Now it’s important to understand where the growth in milkfat consumption is and is not occurring. Despite the news reports that fat is again in vogue, this year we are not seeing consumption surging in the U.S. like in years past. So far in 2017, milkfat consumption has increased at the slowest rate in three years. While fat production has risen by about 2.8 percent, domestic fat use has only increased by approximately 1.8 percent.

And it’s not just milkfat consumption that is slowing. Across most categories in dairy, growth has been trending lower or negative. This year, retail cheese and butter sales have struggled to post any growth. Sales of fluid milk and yogurt have declined. Additionally, restaurant revenue is increasing at the slowest rate in eight years. To sum it up, domestic demand was sluggish in 2017.

If it hadn’t been for new export customers, the U.S. would have been oversupplied with dairy solids. Milk prices would have stayed painfully low.

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Looking ahead into 2018, I am not expecting these national demand trends will change course. However, I do expect milk production will increase at a slower rate next year, between 1.4 percent and 1.6 percent. Due to higher components in the milk supply, I expect total milkfat production will increase by about 2.5 percent.

That means marketers will be searching for new buyers, and in a weak local demand environment, those customers will be found outside of U.S. borders. That also means exports will be the critical factor supporting milk prices in 2018.

Right now, exporting signals are mixed. Globally, demand has been robust. During the first nine months of 2017, international dairy trade increased by about 4.5 percent year over year, led by growth in China.

During the summer and early fall, U.S. manufacturers were able to grow export sales at the expense of European dairy manufacturers. For several months, U.S. product prices for cheddar, butter, milk powder and whey were below prices in Europe and Oceania.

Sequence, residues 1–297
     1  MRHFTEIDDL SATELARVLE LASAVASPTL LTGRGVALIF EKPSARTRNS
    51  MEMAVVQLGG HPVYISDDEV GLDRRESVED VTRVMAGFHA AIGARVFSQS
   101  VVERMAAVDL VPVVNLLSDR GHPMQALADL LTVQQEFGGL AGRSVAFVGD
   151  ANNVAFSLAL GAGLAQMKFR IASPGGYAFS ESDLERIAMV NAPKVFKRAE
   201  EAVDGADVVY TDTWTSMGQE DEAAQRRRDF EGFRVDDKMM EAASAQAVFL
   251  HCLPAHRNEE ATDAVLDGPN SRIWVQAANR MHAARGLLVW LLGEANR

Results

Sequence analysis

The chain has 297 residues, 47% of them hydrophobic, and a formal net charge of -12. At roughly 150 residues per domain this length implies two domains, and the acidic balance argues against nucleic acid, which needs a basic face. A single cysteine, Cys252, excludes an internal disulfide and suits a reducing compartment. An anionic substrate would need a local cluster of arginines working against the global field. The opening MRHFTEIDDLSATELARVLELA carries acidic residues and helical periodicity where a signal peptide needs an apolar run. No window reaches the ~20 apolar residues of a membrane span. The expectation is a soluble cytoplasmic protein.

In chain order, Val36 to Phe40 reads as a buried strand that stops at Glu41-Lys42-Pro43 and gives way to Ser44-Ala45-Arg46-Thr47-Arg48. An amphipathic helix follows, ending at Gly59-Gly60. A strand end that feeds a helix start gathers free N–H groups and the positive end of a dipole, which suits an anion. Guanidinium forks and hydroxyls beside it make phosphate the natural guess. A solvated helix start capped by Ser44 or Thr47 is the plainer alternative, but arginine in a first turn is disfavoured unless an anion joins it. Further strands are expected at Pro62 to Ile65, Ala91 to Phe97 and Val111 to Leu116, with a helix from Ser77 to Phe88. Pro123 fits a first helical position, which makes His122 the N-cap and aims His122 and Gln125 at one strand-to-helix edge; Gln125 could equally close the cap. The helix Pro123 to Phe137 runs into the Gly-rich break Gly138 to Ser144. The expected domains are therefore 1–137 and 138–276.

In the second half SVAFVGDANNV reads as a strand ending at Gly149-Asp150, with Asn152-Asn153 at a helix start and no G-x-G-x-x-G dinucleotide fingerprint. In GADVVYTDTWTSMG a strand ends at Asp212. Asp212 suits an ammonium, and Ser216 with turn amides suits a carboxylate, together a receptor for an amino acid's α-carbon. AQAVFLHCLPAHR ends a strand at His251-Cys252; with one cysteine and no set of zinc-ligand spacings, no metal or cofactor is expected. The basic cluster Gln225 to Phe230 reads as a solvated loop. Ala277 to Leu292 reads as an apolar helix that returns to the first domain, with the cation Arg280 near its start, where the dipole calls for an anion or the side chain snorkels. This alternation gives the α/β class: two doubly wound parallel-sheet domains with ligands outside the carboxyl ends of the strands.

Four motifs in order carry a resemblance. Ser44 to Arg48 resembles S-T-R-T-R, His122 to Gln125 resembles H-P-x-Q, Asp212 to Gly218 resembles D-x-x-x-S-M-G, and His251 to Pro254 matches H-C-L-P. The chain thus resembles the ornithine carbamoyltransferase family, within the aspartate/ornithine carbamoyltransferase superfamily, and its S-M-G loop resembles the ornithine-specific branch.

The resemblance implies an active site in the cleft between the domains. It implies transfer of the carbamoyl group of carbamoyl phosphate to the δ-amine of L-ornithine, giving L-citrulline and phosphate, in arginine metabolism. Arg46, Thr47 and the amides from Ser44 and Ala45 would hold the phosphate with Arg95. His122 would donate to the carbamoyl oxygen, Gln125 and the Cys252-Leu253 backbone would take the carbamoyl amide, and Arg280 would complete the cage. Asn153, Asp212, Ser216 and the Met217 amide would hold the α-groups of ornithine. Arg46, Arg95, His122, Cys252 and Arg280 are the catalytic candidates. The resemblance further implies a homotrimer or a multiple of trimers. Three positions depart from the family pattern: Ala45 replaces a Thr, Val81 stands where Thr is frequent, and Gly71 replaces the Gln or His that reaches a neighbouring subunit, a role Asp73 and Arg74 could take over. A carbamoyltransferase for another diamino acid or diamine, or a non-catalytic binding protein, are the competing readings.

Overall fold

From an international buyer’s perspective, U.S. dairy products were on sale. During August, the U.S. shipped 14.7 percent of its milk solids produced during the month to foreign customers. This was a 12-month high.

However recently, export business has become more difficult as prices have declined in Europe and Oceania. Looking forward into the early part of 2018, U.S.-based manufacturers were able to book sales into markets like Japan and South Korea – regions known to purchase far in advance. But in other parts of the world, U.S. manufacturers are going head-to-head in the marketplace against the Europeans to find customers.

This is because U.S. dairy commodities are no longer at a large discount below international prices. Following massive increases in milk production elsewhere, markets in Europe have decreased and some products, like cheese, are now selling below comparable levels in the U.S. In a competitive environment like this, prices typically decrease.

Taken together, 2018 is not likely to be extreme. Milk pricing in 2018 is expected to land somewhere in the middle between price levels in 2017 and 2016. JDG Consulting conducts a monthly survey of leading dairy economists from academia and industry, and in the latest survey, the average 2018 forecast Class III price was $15.75 per cwt versus a $16.24 average in the first 11 months of 2017. The average Class IV price forecast was $14.68 versus an average of $15.31 January thru November 2017.  end mark

Matt Gould